6 Aug 2011

Teen girls becoming more violent, study shows

12:15 pm on 6 August 2011

A researcher says the Government needs to address a rising tide of violence and aggression among teenage girls.

The country's first study into "girl fighting" by social anthropologist Donna Swift warns of a flourishing culture of put-downs and intimidation that is going to lead to more violence.

The study was commissioned by Stopping Violence Services based in Nelson.

Dr Swift spent two years in the Tasman district interviewing 104 teenage girls with a history of violence and surveyed 3424 students in years 9 and 10.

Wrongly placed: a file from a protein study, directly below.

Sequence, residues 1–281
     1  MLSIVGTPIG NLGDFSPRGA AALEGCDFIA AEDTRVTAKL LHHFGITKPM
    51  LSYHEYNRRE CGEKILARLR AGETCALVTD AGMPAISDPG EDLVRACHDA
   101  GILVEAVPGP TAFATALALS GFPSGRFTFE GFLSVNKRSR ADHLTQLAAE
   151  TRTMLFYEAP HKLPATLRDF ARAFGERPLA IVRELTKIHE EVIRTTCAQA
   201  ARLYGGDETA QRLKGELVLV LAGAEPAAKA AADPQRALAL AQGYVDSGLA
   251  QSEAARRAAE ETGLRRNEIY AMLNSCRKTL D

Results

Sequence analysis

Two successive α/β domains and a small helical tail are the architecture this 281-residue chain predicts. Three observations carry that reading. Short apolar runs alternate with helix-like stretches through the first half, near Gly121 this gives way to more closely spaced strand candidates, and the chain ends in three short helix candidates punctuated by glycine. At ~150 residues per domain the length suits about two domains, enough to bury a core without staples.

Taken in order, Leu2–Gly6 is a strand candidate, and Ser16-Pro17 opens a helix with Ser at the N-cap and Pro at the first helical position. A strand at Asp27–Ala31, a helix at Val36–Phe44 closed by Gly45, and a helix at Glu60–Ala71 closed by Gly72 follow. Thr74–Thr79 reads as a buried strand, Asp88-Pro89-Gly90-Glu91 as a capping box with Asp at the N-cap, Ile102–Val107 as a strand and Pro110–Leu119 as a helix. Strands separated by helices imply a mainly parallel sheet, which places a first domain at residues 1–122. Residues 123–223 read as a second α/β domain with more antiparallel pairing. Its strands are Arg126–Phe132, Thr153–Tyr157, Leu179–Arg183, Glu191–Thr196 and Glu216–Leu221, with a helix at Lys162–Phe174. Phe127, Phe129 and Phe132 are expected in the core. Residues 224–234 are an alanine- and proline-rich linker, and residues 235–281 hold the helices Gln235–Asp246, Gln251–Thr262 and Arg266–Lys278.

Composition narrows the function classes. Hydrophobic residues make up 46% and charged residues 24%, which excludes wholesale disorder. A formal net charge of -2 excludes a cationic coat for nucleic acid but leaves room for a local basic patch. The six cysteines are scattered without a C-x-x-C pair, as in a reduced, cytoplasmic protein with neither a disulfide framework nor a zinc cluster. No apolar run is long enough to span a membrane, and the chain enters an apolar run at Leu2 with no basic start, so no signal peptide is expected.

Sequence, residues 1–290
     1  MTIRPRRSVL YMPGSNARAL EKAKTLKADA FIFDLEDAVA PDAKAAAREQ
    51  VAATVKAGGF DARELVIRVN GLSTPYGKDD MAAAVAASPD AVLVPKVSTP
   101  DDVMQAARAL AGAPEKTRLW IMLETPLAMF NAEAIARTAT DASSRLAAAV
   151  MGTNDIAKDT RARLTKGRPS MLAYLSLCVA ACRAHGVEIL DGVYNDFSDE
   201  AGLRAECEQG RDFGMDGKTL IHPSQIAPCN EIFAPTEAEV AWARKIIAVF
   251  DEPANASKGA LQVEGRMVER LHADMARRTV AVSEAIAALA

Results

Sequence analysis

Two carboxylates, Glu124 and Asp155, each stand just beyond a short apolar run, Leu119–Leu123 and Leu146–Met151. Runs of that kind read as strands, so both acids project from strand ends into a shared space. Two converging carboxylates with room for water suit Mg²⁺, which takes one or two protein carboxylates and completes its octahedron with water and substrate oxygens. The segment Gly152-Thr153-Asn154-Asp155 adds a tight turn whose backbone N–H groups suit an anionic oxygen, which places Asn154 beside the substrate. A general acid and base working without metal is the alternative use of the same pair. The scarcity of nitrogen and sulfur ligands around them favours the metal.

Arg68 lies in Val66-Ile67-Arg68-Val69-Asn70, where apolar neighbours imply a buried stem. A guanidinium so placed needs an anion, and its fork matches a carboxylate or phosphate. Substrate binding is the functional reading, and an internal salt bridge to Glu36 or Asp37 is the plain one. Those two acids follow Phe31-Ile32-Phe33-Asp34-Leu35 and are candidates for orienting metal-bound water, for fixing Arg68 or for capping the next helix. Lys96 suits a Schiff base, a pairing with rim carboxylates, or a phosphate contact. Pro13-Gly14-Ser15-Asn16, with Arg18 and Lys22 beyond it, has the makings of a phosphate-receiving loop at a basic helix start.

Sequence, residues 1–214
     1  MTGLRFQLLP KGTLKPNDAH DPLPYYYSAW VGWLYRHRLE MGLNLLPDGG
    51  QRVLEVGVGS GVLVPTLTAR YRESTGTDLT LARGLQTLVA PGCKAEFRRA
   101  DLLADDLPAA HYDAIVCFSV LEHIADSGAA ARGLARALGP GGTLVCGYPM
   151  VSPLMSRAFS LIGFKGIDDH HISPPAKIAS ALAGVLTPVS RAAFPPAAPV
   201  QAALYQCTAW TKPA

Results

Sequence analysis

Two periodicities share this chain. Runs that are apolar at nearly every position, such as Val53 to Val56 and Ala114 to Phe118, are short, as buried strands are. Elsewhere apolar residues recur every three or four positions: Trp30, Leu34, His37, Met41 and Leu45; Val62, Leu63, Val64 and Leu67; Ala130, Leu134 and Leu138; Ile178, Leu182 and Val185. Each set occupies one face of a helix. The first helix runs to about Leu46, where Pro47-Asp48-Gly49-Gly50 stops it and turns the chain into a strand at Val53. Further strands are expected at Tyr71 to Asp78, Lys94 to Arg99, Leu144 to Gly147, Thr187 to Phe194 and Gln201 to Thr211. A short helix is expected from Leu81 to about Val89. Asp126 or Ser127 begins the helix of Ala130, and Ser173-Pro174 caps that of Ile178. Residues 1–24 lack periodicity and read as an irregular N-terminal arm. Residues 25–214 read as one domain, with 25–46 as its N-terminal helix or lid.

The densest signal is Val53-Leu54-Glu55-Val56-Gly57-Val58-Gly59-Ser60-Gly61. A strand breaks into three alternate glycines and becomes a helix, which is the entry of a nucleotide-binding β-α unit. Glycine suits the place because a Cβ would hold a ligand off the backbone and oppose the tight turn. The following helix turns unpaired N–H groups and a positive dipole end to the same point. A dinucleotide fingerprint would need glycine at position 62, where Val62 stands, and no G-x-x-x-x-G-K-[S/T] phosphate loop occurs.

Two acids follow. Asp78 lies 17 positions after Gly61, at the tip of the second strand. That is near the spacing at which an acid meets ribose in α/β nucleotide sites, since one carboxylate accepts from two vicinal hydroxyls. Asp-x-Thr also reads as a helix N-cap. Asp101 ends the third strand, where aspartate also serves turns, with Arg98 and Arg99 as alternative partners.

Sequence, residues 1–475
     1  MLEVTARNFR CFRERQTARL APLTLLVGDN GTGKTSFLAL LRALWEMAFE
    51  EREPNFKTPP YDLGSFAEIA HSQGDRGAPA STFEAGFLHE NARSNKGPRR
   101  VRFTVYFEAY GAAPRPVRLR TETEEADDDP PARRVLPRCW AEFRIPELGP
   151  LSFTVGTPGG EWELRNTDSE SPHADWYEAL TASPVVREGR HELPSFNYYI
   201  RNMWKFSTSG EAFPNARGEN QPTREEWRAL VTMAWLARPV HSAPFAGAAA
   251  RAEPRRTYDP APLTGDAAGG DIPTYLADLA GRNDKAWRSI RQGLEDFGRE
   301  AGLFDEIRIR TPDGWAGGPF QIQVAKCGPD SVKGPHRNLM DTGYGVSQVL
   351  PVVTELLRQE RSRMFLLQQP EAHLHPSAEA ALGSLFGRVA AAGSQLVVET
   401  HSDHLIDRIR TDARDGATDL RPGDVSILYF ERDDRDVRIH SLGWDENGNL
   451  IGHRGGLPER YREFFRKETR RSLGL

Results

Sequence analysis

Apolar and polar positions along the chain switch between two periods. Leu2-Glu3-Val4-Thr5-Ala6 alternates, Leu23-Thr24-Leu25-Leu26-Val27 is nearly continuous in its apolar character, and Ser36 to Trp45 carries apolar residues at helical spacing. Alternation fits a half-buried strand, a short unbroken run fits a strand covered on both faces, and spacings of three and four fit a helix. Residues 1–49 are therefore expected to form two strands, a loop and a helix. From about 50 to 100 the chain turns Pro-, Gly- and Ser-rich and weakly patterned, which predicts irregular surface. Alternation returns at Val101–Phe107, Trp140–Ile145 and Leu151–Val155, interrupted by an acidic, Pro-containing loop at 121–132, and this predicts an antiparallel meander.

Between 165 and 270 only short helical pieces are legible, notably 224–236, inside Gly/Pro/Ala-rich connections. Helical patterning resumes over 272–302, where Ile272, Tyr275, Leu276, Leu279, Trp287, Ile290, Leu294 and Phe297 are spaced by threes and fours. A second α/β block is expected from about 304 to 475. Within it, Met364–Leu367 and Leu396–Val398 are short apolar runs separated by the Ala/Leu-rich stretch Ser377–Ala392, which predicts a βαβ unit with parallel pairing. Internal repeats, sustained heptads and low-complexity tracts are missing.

The researcher found anti-social behaviour and fighting between girls is becoming normal for many teenagers at secondary school.

Dr Swift says some girls are fighting as a form of entertainment for boys and to build their reputation among peers. Girls are engaging in cyber-bullying more than boys and are more verbally abusive.

Police statistics show the number of females aged 10 to 20 apprehended for assault has increased 83% in the past decade to more than 3000 last year.

In 2000, there were 1674 girls apprehended, compared with 3063 in 2010.

The rate for males in the same age group rose 43% across the same period, from 5210 apprehensions in 2000 to 7437 in 2010.